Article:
Is it too early to think about 2009? It seems as though, in Yankee-land, it is not.
Price of the Giambino: Two months ago, we would have set the odds of Jason Giambi’s returning to the Bronx next year at approximately, well, zero. But we’re hearing the Yankees have sent signals to Giambi that, assuming he stays healthy and reasonably productive, they would be amenable to bringing him back next year. There’s zilch chance they’ll pick up his $22 million option. But a modest one-year offer, on top of his $5 million buyout, apparently is no longer out of the question. Who’d have thunk it?
Who’d have thunk it? Well, outside of our own Jamal, approximately no one. We knew Giambi wasn’t going to be terrible all season; we didn’t realize he would start putting up MVP-caliber numbers over a significant stretch of the season.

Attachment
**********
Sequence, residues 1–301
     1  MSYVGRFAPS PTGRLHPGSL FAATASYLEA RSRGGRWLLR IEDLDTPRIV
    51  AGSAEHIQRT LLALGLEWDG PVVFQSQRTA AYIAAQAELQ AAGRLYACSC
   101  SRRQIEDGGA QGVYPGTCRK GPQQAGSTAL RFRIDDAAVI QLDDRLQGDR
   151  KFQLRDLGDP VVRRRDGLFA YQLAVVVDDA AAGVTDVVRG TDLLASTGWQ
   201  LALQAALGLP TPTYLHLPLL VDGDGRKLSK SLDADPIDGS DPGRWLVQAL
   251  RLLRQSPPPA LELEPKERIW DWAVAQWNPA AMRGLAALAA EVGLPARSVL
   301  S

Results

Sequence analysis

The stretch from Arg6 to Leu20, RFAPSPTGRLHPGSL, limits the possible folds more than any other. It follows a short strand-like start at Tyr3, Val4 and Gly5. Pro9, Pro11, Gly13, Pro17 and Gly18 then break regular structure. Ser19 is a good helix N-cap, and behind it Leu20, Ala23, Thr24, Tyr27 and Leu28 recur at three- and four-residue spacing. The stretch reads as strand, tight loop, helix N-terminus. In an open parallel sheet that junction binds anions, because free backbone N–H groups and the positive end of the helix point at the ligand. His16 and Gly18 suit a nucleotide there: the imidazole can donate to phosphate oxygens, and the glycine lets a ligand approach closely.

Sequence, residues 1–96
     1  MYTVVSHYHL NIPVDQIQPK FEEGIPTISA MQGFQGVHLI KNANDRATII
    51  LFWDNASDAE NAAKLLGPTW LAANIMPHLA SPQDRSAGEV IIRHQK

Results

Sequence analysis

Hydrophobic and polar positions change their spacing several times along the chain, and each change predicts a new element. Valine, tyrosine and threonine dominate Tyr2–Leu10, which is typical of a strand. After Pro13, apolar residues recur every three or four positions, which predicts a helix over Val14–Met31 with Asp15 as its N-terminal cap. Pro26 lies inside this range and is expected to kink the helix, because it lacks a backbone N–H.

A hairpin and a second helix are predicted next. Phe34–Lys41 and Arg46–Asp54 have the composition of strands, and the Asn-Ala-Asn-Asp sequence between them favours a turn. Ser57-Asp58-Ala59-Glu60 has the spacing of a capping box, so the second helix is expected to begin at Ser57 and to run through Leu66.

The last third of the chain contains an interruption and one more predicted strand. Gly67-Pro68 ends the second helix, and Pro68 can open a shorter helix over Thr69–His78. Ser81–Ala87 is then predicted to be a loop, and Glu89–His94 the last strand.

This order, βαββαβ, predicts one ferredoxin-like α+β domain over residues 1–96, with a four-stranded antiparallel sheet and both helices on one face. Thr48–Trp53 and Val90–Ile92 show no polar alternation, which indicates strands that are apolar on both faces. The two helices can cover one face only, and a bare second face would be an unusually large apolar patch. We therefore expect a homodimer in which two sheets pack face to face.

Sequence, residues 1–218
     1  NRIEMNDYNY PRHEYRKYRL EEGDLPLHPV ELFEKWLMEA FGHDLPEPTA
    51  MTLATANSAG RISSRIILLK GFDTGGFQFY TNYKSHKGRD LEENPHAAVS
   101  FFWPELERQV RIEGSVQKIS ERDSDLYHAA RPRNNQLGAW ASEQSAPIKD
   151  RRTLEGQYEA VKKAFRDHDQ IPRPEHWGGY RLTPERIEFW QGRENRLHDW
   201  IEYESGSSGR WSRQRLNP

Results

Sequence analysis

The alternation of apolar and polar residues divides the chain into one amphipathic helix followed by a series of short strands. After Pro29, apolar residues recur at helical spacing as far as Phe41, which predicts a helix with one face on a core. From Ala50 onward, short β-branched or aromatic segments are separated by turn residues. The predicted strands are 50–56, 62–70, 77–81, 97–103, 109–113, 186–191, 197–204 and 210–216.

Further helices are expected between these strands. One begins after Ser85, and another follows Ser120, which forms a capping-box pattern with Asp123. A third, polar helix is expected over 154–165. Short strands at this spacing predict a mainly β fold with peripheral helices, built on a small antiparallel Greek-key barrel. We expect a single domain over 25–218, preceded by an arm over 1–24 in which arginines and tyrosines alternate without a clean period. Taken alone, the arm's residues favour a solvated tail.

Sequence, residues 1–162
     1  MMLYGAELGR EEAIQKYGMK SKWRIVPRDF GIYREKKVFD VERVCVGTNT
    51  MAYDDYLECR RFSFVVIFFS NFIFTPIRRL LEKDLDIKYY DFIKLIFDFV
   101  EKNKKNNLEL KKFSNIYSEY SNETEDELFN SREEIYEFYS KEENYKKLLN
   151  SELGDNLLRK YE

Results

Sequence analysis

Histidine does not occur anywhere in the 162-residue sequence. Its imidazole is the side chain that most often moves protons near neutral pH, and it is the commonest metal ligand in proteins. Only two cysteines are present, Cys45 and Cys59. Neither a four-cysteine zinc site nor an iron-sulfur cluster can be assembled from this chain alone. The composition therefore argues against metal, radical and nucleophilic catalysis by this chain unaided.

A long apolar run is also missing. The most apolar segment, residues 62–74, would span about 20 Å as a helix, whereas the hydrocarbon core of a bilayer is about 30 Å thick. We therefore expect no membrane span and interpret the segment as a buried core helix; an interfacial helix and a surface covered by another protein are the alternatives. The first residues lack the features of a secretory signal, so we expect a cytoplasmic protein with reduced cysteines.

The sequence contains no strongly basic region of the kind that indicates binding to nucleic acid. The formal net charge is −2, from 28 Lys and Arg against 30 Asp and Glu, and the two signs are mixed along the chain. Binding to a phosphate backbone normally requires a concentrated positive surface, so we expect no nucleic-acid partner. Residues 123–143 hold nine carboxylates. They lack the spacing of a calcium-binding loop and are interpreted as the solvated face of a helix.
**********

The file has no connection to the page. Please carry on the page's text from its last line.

Now, I don’t need to rehash Giambi’s numbers since he broke out of his slump. I’ve done that recently here and, in a more in-depth post here this week. Suffice it to say that Jason Giambi is having a stretch right now that ranks among his best in pinstripes.
So what are the Yankees to do next year and beyond? The Yanks hold a $20 million option or a $5 million buyout for Giambi. There’s almost no chance that the Yanks would opt to exercise that option. Stark’s sources speculate that the Yankees would be more inclined to exercise that buy out and sign Giambi to a much lower one-year deal.